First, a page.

Open Letter To University of Utah Community
We are closely monitoring the events related to the ongoing Ebola outbreak in West Africa. The spread of Ebola virus disease is a global problem that could affect the health and safety of our employees and communities. In the United States, your likelihood of being exposed to or being infected by Ebola virus is extremely low. Ebola virus is not spread through the air or casual contact; infection requires direct contact with the blood or secretions of a person who is ill. The main risk factor for these diseases is direct contact with another person who is sick. Public health authorities are now actively monitoring all travelers entering the United States from countries affected by the Ebola outbreak.
Travel to certain parts of the world is not itself a risk factor. But if you were involved in direct patient care or had contact with patients in specific countries, you should monitor yourself for symptoms and contact your health provider in these circumstances:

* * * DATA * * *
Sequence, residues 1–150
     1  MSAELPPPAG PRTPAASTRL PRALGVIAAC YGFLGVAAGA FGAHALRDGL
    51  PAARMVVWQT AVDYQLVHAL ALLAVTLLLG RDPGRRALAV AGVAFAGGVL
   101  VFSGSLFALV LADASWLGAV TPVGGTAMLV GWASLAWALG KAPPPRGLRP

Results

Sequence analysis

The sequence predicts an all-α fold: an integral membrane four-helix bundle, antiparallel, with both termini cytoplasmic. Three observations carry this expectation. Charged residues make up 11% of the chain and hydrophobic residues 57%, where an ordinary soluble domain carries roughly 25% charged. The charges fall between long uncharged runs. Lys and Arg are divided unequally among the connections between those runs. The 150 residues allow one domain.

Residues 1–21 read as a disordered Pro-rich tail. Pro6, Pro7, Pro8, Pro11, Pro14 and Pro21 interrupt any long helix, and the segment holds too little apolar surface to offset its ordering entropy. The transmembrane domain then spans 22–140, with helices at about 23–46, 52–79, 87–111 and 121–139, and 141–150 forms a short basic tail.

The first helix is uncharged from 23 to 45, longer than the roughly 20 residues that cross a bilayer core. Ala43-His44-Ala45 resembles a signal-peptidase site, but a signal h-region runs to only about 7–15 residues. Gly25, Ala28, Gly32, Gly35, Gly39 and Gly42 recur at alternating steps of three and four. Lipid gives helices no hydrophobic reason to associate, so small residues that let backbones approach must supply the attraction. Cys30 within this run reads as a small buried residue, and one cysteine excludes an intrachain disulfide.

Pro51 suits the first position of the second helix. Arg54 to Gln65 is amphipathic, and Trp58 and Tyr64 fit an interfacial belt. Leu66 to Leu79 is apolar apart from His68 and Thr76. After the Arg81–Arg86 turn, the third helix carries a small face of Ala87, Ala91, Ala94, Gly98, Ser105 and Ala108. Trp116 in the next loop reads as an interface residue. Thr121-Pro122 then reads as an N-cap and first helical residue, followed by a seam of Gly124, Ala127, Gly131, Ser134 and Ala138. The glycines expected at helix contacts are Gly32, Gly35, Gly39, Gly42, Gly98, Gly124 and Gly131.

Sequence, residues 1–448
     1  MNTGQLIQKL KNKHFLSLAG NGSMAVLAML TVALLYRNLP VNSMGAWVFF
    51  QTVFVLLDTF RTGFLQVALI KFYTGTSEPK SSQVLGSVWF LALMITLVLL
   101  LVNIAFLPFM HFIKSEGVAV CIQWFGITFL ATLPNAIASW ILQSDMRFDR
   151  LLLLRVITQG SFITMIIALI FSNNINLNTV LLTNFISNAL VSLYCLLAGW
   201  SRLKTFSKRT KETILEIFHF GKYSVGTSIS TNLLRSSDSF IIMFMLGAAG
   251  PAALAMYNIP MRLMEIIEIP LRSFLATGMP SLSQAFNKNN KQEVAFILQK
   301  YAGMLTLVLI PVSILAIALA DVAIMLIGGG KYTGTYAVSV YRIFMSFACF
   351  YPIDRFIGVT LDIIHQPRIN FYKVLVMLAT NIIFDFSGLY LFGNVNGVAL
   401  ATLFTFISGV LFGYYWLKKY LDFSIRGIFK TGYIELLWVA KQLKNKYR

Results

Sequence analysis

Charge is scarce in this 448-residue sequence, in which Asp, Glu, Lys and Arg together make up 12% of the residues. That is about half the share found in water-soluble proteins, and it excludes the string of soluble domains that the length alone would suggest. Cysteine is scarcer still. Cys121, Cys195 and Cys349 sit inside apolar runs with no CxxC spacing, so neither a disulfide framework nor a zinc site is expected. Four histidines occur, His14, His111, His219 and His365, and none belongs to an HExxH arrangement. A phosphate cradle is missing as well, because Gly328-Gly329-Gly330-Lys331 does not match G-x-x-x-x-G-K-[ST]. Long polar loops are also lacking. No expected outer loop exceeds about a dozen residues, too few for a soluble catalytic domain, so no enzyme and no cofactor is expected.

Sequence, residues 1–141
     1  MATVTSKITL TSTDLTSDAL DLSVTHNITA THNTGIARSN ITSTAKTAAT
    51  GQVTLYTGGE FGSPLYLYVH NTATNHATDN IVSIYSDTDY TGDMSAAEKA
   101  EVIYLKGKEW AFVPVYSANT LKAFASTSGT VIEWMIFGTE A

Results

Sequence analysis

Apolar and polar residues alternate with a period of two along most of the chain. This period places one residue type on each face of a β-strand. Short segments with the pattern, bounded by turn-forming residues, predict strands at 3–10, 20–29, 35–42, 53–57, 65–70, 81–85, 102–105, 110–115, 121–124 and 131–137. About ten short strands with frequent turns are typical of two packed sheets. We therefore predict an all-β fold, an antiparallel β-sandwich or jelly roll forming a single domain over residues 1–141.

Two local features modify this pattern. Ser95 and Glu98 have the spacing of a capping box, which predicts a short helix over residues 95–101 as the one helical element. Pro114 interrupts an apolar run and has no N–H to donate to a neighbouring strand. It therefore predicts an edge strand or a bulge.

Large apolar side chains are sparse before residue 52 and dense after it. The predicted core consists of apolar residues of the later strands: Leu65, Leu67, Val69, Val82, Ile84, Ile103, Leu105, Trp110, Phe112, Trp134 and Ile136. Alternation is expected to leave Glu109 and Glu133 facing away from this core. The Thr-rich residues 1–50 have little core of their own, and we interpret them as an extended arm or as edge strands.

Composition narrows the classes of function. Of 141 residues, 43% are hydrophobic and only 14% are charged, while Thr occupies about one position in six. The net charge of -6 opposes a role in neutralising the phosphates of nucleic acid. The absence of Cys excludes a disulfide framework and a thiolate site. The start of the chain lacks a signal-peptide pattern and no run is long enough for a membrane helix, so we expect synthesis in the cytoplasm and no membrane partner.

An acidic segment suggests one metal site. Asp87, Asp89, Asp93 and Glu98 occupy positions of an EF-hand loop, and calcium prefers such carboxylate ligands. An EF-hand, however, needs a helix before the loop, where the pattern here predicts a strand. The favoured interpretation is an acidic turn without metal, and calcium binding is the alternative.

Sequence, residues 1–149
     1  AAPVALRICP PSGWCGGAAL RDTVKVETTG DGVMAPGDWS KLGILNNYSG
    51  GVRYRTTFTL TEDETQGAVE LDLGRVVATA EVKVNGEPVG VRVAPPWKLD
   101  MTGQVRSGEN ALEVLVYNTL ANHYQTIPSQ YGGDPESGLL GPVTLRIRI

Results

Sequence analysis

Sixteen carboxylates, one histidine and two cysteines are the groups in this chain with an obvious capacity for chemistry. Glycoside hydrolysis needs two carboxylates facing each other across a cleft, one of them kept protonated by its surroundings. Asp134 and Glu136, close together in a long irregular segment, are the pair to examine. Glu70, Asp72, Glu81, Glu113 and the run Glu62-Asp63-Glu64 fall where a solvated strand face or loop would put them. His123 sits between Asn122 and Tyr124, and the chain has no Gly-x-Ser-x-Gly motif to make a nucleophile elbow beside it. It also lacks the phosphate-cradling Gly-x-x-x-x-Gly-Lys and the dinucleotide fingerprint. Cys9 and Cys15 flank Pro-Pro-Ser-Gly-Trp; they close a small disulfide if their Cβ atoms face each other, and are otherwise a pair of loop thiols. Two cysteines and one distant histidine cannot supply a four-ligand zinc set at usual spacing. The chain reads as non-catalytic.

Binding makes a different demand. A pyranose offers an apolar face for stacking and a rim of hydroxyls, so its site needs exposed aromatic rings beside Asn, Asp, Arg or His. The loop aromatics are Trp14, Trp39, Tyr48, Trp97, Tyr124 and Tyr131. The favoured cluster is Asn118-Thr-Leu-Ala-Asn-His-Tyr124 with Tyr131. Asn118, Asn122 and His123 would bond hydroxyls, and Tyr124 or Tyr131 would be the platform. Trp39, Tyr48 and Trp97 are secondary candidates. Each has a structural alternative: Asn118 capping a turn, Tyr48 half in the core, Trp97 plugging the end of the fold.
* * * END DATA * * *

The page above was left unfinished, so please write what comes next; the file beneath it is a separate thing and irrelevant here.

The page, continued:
For Ebola virus, if you traveled to these countries in West Africa (Guinea, Sierra Leone, Liberia) or had contact with a patient known to have Ebola virus disease within the last 21 days AND have a fever greater than 100.4°F, headache, weakness, abdominal symptoms, muscle pain or bleeding.
For additional information, see the CDC website on Ebola.
If you have traveled in these countries and are having symptoms, you should remain at home and contact your local health care provider (or for students, the Student Health Center at 801-581-6431) for further instructions regarding evaluation. You may also call the University of Utah Health Travel Clinic at 801-581-2898.
We will continue to monitor the situation nationally and internationally and provide you with further information as it becomes available.
Sankar Swaminathan, MD
Division Chief, Infectious Diseases
University of Utah Health